Exploring Pinecone Burke: an inspiring and informative evening

Photo credit: Justin Brown Photography

By all accounts, our Friday night presentation of Pinecone Burke Provincial Park at UBC was a success! The event drew a crowd of 75 hikers, climbers, mountaineers, skiers, snowshoers and general outdoor enthusiasts to learn about this little-known and under-accessed park at the edge of the Lower Mainland.

SONY DSCBen Singleton-Polster from the BC Mountaineering Club kicked things off with an introduction to the vision, purpose and activities of the FMCBC, which was followed by a report from BC Parks’ Vicki Harberl on the current status of the Pinecone Burke management planning process. She anticipates that a draft plan will be ready for public comment by mid-2016.

Justin Brown then took to the stage for a humorous and engaging presentation of the 17 days he and his partner Ian Koch spent backpacking and exploring the park last year. He shared many beautiful photos of the more remote and rugged areas of Pinecone Burke — his low light, high elevation campsite photos were particularly striking. 

SONY DSCAuthor Lyle Litzenberger, whose book “Burke and Widgeon: A Hiker’s Guide” covers two of the most accessible areas of the park, was also in attendance and on hand to answer questions, as was Steve Chapman of Canadian Map Makers, whose  detailed topographical maps of the Tri-Cities area (1:20,000 scale) cover more than 500 km of hiking and mountain biking trails in and around Pinecone Burke. The Burke Mountain Naturalists also had a display and were available to answer questions about their organization’s decades of exploration in the area.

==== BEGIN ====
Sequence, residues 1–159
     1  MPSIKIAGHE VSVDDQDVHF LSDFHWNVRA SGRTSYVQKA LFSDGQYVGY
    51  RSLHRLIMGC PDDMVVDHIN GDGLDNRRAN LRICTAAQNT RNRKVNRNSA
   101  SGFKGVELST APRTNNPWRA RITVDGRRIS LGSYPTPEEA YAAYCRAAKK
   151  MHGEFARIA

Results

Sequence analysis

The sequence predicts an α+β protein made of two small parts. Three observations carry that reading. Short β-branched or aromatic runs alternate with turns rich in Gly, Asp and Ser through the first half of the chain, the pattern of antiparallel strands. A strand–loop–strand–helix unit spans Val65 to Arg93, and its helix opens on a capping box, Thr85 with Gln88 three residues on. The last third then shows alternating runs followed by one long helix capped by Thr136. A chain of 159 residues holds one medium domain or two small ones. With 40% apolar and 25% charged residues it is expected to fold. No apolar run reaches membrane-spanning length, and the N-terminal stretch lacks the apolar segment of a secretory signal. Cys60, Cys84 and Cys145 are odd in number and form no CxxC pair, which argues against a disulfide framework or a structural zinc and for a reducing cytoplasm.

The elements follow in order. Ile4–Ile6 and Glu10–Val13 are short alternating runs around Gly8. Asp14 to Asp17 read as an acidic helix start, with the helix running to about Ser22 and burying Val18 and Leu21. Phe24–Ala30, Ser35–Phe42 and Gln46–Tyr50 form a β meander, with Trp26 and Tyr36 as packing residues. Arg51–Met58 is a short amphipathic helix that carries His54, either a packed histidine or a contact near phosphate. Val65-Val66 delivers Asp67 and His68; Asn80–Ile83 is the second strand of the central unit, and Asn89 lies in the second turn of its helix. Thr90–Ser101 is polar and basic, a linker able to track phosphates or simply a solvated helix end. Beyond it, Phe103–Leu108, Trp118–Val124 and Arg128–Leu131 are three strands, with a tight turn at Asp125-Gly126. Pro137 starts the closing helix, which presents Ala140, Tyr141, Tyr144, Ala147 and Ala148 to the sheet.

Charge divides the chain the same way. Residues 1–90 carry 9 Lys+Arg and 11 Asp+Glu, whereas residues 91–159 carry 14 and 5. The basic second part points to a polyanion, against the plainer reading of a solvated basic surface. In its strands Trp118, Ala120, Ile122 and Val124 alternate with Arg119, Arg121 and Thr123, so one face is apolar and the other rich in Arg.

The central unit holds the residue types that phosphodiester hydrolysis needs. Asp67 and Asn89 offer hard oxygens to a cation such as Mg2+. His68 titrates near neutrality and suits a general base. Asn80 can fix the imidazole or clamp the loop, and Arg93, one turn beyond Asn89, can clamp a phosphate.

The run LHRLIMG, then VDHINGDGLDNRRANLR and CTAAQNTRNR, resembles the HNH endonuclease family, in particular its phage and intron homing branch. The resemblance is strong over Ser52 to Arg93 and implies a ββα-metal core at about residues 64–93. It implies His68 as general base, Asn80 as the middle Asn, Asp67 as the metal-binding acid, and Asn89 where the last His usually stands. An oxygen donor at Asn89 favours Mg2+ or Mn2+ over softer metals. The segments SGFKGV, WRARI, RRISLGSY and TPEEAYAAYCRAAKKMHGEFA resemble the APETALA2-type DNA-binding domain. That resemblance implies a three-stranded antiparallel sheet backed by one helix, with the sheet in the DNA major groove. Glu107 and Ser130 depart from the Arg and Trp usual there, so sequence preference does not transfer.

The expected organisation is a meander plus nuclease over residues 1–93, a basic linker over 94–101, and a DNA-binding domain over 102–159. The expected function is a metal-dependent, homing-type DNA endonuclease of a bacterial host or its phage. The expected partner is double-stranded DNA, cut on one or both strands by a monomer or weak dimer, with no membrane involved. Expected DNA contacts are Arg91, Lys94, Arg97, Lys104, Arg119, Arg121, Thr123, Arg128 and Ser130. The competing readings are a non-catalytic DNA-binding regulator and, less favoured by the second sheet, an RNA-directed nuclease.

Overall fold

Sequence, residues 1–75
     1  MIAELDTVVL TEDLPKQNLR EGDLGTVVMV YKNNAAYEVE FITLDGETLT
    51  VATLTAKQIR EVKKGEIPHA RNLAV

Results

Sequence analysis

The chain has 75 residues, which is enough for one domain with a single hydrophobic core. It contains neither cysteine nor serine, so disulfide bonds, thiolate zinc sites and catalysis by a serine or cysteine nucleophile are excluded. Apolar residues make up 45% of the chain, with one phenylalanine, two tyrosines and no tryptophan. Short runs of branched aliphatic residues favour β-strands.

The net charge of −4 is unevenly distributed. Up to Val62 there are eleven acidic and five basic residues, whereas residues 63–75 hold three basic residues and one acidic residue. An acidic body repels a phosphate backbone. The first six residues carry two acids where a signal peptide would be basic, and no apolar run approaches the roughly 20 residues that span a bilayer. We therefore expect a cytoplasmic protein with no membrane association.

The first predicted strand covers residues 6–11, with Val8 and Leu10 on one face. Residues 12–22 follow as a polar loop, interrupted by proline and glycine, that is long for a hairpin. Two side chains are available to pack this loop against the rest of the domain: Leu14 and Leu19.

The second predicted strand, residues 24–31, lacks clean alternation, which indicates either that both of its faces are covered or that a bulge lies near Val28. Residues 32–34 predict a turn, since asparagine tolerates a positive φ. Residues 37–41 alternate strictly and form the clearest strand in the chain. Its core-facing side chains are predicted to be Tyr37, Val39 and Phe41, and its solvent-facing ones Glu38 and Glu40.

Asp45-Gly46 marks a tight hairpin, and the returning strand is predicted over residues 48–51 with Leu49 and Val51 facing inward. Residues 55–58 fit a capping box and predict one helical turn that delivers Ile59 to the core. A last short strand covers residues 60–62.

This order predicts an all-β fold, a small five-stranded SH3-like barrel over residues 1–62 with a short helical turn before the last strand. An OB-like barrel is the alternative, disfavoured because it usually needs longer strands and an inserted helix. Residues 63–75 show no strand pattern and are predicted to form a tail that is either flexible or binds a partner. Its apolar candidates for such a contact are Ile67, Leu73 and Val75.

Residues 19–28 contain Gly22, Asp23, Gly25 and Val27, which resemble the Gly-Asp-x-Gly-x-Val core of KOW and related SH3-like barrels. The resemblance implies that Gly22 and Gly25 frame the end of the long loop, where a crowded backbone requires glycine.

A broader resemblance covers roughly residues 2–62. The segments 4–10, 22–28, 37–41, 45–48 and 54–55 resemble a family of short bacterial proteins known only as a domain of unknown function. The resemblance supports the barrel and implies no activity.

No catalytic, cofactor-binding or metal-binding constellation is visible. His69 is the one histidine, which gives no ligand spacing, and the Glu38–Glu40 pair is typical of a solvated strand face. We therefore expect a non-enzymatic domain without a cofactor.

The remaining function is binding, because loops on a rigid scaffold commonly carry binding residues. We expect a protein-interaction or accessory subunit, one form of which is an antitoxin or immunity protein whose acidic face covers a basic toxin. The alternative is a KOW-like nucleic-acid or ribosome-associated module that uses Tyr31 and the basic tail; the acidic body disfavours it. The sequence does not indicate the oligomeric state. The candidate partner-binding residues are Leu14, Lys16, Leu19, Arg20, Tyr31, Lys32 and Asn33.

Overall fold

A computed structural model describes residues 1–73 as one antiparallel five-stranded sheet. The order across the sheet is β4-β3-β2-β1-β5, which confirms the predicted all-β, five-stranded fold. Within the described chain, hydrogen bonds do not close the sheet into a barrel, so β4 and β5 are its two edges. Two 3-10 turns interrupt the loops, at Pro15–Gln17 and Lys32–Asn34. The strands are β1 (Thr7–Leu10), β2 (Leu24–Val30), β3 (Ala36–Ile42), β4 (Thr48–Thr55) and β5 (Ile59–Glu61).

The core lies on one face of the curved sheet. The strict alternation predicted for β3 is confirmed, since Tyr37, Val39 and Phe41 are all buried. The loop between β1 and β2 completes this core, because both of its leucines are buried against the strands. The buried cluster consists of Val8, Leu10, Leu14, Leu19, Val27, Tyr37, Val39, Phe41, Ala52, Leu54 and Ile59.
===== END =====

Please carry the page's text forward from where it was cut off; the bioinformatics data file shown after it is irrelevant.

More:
Thank you to everyone who pitched in to make this event a success, and to everyone who attended for your interest and support of backcountry recreation and the FMCBC.


Want to explore Pinecone Burke Park on your own? Here are two great resources to get you started:



This month, Canadian Map Makers released the first hi-resolution topographical trail map covering the Tri-Cities regions of Coquitlam, Port Moody, Port Coquitlam, Buntzen Lake, Anmore, Belcarra, Burke Mountain, and Pitt Meadows.

$2 from the sale of each map goes to support Coquitlam Search and Rescue. Get yours here!




Lyle Litzenberger’s book “Burke and Widgeon: A Hiker’s Guide” describes in detail the trails of Burke Mountain and the Widgeon area. It contains 28 extensively researched hikes ranging from easy 20-minute strolls to multi-day hikes that will challenge even the most experienced hiker. Available for purchase here.



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